Despite declining corn costs, feedlot breakeven prices are expected to remain lofty, presenting a profitability challenge to cattle feeders for months or years to come. Currently declining corn prices likely won’t be enough to offset rising feeder cattle costs.
Feeding costs per hundred pounds of gain are well below last year but remain slightly above the five-year average, according to Kansas State University calculations. For June, the average cost was $91.36 per cwt, $28.59, or 23.8%, below a year earlier, but $5.17, or 6.00%, above the previous five-year average.
Based on last week’s USDA five-market average price for fed cattle, the Livestock Marketing Information Center calculates current breakeven prices to be about $147 per cwt, leaving about $13 per cwt profit for the average cattle feeder.
Looking ahead, the LMIC estimated that breakeven prices for cattle placed in August would be about $148, rising to around $164 for cattle placed in October, assuming fed cattle prices remain mostly in the upper $150-per-cwt range during the third quarter. And current estimates put the breakeven price for November placements at more than $170, a significant red-ink risk for feeders.
SLAUGHTER CATTLE PRICES DROP COUNTER-SEASONALLY
Compounding the issue for cattle feeders is the current counter-seasonal decline in fed cattle prices. Cattle are trading this week in the Plains at $154 to $155 per cwt on a live basis, $5 to $6 lower than last week’s $160 to $161.
This week’s slaughter cattle price also is the third straight week of declines and is $8.00 to $9.00, or about 5.36%, below the record weekly Southern Plains average high of $163.77 set three weeks ago.
Many see the current drop in cattle prices as a delayed seasonal decline. It is coming about a month late because cattle feeders kept them on feed for an extra month to ply them with feed and pack on a few extra pounds.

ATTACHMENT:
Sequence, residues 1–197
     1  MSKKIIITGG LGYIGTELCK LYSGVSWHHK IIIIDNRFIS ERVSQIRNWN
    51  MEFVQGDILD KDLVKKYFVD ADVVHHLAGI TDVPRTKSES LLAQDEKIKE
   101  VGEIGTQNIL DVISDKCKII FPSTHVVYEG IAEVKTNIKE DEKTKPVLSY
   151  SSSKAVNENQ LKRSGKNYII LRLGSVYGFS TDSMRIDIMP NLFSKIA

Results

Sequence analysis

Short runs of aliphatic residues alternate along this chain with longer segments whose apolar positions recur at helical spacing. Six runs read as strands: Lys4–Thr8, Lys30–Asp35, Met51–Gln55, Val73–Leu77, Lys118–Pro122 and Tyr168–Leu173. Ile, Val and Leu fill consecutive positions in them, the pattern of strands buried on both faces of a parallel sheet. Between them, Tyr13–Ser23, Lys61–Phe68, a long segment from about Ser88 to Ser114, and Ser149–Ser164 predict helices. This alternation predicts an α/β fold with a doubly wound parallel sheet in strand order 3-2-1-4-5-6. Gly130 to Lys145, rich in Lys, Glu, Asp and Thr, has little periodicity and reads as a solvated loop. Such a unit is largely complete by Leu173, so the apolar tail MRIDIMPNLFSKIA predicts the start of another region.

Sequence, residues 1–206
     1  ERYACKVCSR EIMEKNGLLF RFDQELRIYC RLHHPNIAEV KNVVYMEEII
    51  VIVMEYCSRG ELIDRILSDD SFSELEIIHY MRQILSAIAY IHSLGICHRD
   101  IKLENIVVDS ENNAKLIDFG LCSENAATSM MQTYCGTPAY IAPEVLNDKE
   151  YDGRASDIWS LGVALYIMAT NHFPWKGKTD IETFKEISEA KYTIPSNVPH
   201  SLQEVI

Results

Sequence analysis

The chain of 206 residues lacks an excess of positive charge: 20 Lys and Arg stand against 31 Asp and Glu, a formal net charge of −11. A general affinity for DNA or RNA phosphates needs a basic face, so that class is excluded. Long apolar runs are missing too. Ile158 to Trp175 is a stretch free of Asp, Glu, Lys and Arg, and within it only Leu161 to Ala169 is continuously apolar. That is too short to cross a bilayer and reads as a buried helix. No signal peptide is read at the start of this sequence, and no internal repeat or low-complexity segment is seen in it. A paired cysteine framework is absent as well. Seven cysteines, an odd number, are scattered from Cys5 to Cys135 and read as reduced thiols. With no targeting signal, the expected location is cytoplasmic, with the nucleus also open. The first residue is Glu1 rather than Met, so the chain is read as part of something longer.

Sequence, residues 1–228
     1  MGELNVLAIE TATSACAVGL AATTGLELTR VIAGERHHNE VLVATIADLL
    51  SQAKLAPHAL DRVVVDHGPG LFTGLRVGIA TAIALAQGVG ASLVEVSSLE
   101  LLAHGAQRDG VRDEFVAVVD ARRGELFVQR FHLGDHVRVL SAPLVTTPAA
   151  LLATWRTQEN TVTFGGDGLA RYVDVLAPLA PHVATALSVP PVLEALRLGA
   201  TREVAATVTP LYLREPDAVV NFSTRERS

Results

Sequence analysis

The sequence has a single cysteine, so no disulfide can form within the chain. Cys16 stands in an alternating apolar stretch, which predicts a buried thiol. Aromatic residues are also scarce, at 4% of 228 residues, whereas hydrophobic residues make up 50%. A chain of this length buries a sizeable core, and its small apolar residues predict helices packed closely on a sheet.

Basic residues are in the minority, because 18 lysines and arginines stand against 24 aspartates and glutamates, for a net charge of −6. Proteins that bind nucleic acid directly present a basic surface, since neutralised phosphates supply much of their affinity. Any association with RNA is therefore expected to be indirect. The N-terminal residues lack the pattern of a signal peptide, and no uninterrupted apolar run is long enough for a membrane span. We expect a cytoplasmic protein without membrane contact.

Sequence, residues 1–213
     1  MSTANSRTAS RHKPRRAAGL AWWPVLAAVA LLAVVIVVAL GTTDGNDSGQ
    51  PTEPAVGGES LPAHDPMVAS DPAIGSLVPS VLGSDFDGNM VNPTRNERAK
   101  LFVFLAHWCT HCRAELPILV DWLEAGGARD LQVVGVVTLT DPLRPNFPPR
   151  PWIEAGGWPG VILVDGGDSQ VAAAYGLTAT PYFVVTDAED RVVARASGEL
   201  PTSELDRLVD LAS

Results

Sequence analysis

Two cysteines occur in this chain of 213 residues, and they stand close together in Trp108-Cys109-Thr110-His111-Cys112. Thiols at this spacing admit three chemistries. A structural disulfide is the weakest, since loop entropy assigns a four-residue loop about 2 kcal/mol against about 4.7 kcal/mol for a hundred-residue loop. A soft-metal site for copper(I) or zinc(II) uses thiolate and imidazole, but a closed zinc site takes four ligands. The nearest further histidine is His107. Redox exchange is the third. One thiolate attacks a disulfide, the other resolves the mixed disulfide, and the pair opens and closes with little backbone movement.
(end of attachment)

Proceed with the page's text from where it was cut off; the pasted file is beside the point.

No matter what the average numbers from K-State say, many feedlots are struggling to turn a profit. Sources say these feedlots are doing what they can by feeding cheaper corn to the cattle already on hand because the next set of calves will cost so much they will virtually guarantee a heavy loss.
But at some point, those cattle have to be marketed for slaughter, and this is what is happening now.
How long it will last and how deeply prices will plunge is up for conjecture, but sources say it seems evident that prices will not descend to last-year’s levels. Nor will they reach this year’s lows around $137, set the first week of January.
Market analysts say tightening supplies will take over within the next few weeks and propel slaughter cattle prices to new record highs by at least the fourth quarter, if not late in the third quarter.
BEEF PRICES FALL AGAIN
Beef prices fell again on Wednesday, with the USDA’s choice cutout value reported down $1.27 per cwt at $256.88, and the select cutout down $3.58 at $249.55. The choice/select spread widened again to $7.32 as more buying interest shifts to choice products for upcoming holidays.
The choice cutout was $5.09 per cwt, or 1.94%, below the $261.97 of a week ago. Select was down $6.22, or 2.43%, below a week ago.
Feeder cattle remain challenged by declining fed cattle prices, but tight supplies still rule. The CME Feeder Cattle Index for the seven days ending Tuesday was $222.97 per cwt, up $0.42 on the day while Aug futures Wednesday were down $0.17 at $214.37.